Aspects of the American approach to breast cancer have gone global. The American Cancer Society’s Reach to Recovery was adopted in Europe in 1974. The largest U.S. breast cancer charity, Susan G. Komen for the Cure, started outreach outside the U.S. in 1999 and launched initiatives across Eastern Europe, Latin America, and the Middle East in 2007. The extent to which the American approach applies to other settings is a crucial consideration. Breast cancer as a social cause is highly contested in the United States, particularly in terms of the commercialization of the disease and the role of social movements and culture in promoting or resisting medicalization. American Influences in Poland provide an illuminating counterpoint.

American Influences: Poland

Women’s organizing around breast cancer in socialist Poland did not occur until the 1980s when Polish oncologists who had completed medical internships in the United States returned home. Physicians in Poland had been hesitant to have patient involvement in medical settings. After observing the American Cancer Society’s Reach to Recovery program in practice, two Polish specialists at the Centre of Oncology in the capital city of Warsaw (Zbigniew Wronkowski MD and Krystyna Mika PhD) started a small rehabilitation-focused support group. Comprised of only three women, the group served as a catalyst for the development of additional support groups. Physicians were still slow to accept the peer-to-peer support model that is the core of the Reach to Recovery program until the mid-1990s. At this point some breast cancer groups developed cooperative relationships with local hospitals that enabled volunteers who had completed a course in psychology to visit patients. As the practice normalized breast cancer survivors (referred to as Amazons) started new support groups. By 2010 there were over 200 Amazonian groups in Poland, with over 15 thousand members some of whom volunteer in hospital settings.

There are several obvious American influences in Poland. First, building from the Reach to Recovery model described above, voluntarism is a feature of women’s organizing. Of the registered Amazonian associations, hundreds of members have completed the course that enables them to provide volunteer patient support in Poland’s hospitals. Second, the first awareness march (reminiscent of the physical-based awareness events in the U.S.) was organized in 1996 and is now held each year. And third, like October’s Breast Cancer Awareness Month in the U.S., October 17th was declared Poland’s “Day of the Breast Cancer Fight” in 1998.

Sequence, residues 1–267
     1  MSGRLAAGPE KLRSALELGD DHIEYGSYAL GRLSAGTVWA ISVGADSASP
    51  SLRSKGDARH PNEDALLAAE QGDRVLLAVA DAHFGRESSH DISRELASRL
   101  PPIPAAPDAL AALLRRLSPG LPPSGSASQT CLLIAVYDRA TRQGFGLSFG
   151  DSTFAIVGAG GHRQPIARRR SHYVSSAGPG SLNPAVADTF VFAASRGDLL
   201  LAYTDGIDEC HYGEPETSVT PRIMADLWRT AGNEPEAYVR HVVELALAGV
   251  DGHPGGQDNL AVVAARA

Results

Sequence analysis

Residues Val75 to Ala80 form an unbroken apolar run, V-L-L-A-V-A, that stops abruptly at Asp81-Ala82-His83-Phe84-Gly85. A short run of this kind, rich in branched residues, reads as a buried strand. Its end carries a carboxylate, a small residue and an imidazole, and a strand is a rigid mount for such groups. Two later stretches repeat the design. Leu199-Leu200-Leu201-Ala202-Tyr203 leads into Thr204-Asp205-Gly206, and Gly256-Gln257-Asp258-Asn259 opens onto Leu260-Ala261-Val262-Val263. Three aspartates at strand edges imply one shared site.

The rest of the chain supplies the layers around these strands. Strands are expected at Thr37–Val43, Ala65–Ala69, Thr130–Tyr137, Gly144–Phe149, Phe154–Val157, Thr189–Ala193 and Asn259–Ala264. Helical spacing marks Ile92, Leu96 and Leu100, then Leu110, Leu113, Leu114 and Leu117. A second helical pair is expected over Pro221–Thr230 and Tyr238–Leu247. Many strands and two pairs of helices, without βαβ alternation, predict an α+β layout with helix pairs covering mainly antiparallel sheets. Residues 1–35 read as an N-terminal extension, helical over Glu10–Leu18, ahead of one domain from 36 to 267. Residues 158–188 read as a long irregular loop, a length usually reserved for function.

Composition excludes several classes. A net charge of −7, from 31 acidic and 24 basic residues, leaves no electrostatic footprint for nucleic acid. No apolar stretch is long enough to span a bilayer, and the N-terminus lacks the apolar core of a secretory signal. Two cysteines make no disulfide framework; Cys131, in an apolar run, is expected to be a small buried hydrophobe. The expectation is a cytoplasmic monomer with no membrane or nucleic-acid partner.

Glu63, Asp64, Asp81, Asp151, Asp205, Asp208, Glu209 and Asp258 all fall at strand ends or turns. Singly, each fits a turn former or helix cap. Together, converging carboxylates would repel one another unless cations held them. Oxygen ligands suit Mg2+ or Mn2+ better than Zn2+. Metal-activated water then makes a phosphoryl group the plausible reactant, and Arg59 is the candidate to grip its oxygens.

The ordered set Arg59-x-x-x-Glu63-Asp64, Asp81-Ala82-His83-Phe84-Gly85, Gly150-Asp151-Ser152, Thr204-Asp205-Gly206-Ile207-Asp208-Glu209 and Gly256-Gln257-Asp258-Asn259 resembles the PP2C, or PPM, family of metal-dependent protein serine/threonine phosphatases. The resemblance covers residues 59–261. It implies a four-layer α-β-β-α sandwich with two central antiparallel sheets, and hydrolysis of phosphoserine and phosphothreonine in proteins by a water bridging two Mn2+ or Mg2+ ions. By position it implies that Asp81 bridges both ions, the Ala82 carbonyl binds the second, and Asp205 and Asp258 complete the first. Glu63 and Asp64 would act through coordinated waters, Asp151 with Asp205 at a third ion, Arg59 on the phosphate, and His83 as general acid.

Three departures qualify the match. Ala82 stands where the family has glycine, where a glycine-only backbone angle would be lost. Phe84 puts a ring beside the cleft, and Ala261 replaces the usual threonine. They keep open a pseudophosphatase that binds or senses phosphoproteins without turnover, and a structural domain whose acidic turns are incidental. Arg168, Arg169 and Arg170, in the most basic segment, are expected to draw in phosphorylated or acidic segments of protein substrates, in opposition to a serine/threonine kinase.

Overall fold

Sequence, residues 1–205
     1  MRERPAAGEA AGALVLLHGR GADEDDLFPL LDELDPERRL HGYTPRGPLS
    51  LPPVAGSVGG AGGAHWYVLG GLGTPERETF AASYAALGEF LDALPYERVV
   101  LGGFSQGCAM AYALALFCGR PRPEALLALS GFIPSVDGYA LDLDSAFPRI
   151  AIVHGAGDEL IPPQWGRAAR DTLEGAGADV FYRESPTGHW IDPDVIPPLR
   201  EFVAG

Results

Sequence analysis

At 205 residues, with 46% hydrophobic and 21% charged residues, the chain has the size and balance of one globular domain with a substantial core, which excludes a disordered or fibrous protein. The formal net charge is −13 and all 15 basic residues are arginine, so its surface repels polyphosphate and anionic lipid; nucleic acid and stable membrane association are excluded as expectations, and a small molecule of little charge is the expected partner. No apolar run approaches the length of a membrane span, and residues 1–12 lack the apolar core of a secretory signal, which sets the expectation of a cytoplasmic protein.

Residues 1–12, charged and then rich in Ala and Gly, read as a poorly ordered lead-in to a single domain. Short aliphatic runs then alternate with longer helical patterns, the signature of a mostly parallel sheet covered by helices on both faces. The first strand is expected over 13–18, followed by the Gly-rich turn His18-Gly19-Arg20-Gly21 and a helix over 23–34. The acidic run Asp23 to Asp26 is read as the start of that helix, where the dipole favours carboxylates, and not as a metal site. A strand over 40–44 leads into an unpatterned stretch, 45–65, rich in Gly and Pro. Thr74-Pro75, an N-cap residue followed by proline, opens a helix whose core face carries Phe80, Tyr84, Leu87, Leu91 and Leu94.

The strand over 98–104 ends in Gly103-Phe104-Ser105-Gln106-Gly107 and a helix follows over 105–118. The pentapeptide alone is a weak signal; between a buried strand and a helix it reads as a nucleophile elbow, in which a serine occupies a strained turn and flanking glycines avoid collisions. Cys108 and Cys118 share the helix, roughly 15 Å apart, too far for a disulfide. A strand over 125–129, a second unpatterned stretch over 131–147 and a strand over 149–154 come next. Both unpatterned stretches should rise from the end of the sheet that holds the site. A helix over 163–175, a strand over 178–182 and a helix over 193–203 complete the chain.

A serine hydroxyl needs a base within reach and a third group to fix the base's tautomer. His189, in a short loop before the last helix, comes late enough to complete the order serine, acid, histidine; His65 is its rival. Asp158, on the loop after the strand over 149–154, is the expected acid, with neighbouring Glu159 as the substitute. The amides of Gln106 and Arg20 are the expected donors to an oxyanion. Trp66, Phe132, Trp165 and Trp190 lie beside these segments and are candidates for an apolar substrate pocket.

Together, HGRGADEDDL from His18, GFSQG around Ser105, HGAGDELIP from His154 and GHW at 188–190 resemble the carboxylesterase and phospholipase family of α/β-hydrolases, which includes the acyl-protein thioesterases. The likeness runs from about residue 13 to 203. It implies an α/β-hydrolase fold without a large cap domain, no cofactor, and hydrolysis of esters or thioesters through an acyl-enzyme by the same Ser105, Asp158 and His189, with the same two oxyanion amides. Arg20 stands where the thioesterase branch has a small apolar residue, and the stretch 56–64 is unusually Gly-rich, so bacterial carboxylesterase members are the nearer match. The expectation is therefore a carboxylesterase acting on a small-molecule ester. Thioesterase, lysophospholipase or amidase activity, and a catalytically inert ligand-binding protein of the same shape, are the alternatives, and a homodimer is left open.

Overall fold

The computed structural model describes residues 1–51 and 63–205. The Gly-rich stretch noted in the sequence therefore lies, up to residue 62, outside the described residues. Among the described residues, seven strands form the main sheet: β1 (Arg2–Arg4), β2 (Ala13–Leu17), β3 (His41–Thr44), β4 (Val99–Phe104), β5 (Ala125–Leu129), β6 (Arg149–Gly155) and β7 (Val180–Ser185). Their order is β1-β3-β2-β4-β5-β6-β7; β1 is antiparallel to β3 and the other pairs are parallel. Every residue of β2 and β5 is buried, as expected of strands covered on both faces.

Polish groups did not develop the political bent of the American breast cancer movement. Poland has strong traditions of political demonstrations, but a feminine concern such as breast cancer does not fit neatly into the masculine character of Poland’s political activism. Thus, the Amazons did not develop a capacity to participate in public debate or take an activist orientation with regard to research or medical practice. The marches are the primary means of public engagement, but even these are aimed at transferring a value system rather than engaging in social change. The October march is even a pilgrimage to a place of religious worship. Significantly older than their American counterparts, the Polish Amazons are firmly embedded within patriarchal medicine, and they do not view this as a problem.

by Gayle Sulik and Edyta Zierkiewicz; Pre-published essay, Cultural Encyclopedia of the Breast, edited by Merril Smith. Alta Mira Press (forthcoming).